Our German national soccer team has shown the way. It won the recent World Cup tournament with team spirit, willpower and a clear goal – and this same strategy could help make the European Union a winner again, too.
The 28 member states sometimes lack order and unity, but it’s clear that only together will they survive in competition with Asia and the United States. The start of a new legislative session for the European Parliament and Commission offers Europe the opportunity to switch the economic policy back toward growth.
The top priority should be strengthening how the European Union competes. To do this, we need to improve the performance of member states, and we must continue on a path of consolidating budgets and press ahead with reforms.
A further goal is to revitalize the industrial core. The industrial sector makes up a good 15 percent of the EU economy. Despite recurring plans of action that stress industry’s importance, Europe lacks a coherent industrial policy. The results are visible. For many of Germany’s neighbors, the industrial portion of gross domestic product has been declining: Between 2008 and 2012, the number of manufacturing jobs fell from 33 million to 30 million.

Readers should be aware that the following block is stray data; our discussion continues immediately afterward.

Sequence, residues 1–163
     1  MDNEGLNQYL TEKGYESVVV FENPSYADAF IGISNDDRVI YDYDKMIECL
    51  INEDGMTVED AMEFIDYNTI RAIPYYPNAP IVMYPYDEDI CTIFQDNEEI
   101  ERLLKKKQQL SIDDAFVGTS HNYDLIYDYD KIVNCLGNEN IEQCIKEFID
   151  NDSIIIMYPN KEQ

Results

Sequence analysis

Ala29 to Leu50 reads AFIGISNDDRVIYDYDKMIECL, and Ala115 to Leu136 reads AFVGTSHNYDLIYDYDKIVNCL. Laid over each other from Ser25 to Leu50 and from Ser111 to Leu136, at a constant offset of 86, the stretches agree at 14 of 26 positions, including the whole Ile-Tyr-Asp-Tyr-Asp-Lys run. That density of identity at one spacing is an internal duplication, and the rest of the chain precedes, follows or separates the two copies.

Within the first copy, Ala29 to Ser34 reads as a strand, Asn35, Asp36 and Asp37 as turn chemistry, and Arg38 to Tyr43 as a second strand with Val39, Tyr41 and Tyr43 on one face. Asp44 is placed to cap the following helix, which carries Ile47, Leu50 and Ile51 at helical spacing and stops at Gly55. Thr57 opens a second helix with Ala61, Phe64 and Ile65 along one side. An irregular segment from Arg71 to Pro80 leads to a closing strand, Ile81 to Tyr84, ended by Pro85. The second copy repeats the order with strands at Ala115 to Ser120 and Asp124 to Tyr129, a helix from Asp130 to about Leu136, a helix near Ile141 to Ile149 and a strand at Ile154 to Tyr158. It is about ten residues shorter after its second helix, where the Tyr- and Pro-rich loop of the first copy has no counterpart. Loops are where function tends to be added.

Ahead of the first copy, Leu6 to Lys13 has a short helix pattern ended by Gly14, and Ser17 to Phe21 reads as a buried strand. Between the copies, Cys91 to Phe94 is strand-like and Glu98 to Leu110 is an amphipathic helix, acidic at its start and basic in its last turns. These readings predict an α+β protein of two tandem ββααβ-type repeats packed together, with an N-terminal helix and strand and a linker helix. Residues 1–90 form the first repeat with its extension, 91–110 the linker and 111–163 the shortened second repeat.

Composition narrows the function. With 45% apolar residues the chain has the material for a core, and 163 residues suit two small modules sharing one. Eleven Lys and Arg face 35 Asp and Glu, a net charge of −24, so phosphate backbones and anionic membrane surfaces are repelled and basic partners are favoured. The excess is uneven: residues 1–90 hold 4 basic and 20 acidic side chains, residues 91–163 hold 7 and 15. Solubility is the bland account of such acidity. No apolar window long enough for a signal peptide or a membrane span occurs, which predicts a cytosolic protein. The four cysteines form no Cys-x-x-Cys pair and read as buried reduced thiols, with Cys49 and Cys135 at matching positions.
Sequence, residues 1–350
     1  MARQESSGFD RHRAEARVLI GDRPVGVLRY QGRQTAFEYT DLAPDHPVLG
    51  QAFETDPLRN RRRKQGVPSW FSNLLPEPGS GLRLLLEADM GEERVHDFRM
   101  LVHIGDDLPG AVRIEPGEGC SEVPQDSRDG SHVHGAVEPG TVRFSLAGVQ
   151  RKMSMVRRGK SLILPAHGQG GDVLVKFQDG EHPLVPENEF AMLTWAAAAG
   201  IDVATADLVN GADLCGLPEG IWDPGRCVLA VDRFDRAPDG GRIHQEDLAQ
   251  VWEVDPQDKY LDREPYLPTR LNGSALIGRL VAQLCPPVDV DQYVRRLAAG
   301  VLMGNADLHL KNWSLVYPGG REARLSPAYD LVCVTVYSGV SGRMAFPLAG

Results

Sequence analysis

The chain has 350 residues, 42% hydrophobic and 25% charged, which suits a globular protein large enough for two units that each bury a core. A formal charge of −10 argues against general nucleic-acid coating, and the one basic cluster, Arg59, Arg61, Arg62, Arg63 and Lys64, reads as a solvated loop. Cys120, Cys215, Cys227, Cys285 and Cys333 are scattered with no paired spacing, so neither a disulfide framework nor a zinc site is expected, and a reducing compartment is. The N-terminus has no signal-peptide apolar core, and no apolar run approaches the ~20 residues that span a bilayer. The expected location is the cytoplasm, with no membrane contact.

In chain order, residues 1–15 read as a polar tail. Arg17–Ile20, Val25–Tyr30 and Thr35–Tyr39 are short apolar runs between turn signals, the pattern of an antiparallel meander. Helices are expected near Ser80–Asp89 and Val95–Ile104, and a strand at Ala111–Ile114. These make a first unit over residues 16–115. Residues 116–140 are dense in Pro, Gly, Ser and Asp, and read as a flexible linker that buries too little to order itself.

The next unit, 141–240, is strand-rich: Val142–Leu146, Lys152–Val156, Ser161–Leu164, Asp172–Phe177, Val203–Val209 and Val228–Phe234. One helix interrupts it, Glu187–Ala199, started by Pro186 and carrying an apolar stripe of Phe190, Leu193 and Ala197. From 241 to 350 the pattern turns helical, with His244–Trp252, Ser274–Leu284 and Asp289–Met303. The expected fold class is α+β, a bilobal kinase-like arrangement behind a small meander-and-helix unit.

This is where Jean-Claude Juncker must steer in the opposite direction. The president-elect of the European Commission has announced a concept to reindustrialize Europe – a commitment that hopefully will be followed by action.